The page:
Friday, July 19, 2013

Long-awaited Lamoille Valley Rail Trail (LVRT) Groundbreaking Fri July 19th 2013!

Wild blue yonder.

Construction is starting on the long-awaited Lamoille Valley Rail Trail (LVRT), a four season multi-use recreation trail.  The groundbreaking will take place on Friday, July 19 at 5 p.m. at the site of the soon to be constructed bridge on Mt Vernon Street in St. Johnsbury.  Senator Bernie Sanders, a major force behind the realization of the LVRT has been invited, as well as many other dignitaries who see this rail trail as an economic and recreational engine for the area. The public is urged to attend this celebratory event and see how enthusiasm, patience and hard work has made the trail a reality.
                  The LVRT is a partnership of VTrans and the Vermont Association of Snow Traveler (VAST).  The LVRT will eventually cross the state of Vermont, over 90 miles, from St. Johnsbury to Swanton.   After a lengthy process, VAST received an Act 250 permit for phase 1 of the 3 phased project and is now poised to begin the construction phase.  Once complete, the LVRT will be the longest rail trail in New England.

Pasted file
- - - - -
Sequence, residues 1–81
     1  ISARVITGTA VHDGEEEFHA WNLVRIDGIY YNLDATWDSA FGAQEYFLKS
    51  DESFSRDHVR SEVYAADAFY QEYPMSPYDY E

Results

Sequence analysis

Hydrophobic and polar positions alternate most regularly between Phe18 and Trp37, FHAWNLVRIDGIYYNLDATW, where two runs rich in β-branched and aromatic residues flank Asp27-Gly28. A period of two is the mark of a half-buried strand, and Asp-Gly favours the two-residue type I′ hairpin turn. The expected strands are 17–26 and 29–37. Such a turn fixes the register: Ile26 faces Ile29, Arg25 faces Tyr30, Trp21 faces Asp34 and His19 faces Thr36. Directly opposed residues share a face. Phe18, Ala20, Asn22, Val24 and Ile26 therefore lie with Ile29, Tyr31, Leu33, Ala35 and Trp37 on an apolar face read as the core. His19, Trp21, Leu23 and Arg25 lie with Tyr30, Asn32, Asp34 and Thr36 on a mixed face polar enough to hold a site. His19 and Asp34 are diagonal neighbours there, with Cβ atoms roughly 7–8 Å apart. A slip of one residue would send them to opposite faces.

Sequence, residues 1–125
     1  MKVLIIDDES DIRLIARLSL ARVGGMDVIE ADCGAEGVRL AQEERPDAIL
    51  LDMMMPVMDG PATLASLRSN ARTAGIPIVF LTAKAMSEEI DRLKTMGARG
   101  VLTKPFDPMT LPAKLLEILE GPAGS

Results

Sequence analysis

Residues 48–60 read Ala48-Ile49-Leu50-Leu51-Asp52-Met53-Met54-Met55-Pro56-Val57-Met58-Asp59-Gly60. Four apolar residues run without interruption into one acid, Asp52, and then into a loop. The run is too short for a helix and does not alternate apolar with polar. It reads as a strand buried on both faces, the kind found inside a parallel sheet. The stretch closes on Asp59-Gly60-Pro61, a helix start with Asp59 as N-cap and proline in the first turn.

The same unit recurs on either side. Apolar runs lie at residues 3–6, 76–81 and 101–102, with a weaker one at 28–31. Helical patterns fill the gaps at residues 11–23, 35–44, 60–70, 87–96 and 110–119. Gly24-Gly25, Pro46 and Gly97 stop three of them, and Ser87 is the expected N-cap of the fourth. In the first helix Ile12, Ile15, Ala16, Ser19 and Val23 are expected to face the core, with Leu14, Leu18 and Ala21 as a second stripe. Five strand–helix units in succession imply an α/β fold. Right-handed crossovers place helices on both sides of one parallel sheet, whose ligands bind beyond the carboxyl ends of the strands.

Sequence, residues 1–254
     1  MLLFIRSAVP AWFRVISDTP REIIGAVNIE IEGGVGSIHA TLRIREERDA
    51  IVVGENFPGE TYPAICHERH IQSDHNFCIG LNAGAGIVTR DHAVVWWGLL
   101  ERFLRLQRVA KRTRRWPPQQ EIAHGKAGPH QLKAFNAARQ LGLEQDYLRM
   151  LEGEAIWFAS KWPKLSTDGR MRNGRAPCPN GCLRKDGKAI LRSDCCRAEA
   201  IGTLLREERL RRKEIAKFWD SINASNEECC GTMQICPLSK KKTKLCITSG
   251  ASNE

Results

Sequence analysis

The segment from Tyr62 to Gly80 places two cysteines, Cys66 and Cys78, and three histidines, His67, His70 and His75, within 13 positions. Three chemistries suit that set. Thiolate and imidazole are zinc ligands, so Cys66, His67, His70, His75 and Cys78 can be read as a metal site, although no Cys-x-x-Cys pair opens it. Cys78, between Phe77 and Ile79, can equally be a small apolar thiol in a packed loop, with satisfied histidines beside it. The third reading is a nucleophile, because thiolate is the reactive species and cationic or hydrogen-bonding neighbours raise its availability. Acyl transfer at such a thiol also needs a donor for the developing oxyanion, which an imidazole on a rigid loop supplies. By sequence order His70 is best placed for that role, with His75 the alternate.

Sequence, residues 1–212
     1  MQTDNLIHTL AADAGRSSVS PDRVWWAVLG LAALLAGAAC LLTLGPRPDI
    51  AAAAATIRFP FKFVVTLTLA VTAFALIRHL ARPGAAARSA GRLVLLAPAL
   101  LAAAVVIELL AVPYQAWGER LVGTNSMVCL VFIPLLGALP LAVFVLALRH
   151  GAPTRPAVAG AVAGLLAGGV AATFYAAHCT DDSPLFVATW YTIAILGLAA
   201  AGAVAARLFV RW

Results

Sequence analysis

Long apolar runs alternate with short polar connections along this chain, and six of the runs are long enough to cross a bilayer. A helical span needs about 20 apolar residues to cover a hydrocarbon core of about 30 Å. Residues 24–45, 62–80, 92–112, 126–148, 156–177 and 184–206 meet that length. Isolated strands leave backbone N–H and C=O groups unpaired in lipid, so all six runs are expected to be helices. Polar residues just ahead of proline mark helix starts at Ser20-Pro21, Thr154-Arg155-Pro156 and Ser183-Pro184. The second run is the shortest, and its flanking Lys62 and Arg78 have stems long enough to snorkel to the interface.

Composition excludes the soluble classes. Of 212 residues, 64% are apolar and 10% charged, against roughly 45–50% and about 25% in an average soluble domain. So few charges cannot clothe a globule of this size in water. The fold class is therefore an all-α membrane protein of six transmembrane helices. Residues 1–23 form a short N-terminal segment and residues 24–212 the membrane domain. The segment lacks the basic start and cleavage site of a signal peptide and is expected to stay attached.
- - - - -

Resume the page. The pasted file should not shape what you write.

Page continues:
Construction on Phase 1a, approximately 13.5 miles from St. Johnsbury to W. Danville, will begin this summer with the building of the bridges on Mt Vernon Street and the over the “Cahoon washout” in Danville.  Blow and Cote, Inc. from Morrisville, VT was awarded the contract for the Phase 1a bridges. Dufresne Group will serve as inspectors on the job.
The public is invited to come see what’s happening, what’s planned and to learn the  benefits from this trail, as well as how to help make it a truly first class recreation facility.
 There is limited parking on Mt. Vernon Street, as well as parking at the Park and Ride on Rt 2 and the vacant lot across from the Fairbanks Motor inn. Parking is also available at the Three Rivers Recreation Path trailhead off of South Main St in St. Johnsbury, reaching the site of the groundbreaking by walking one mile along the Three Rivers Path.

Thursday, July 18, 2013

SDOT makes guerrilla-installed protected bike lane permanent

Remember when an anonymous bike safety group calling themselves “Reasonably Polite Seattleites” installed a series of plastic pylons on Cherry Street to demonstrate how easy it would be for the city to turn a regular bike lane into a protected one?
Well, the city took their advice and not only reinstalled a more resilient style of reflective pylons, but also extended the bike lane to connect downtown to First Hill via 7th Ave and Marion: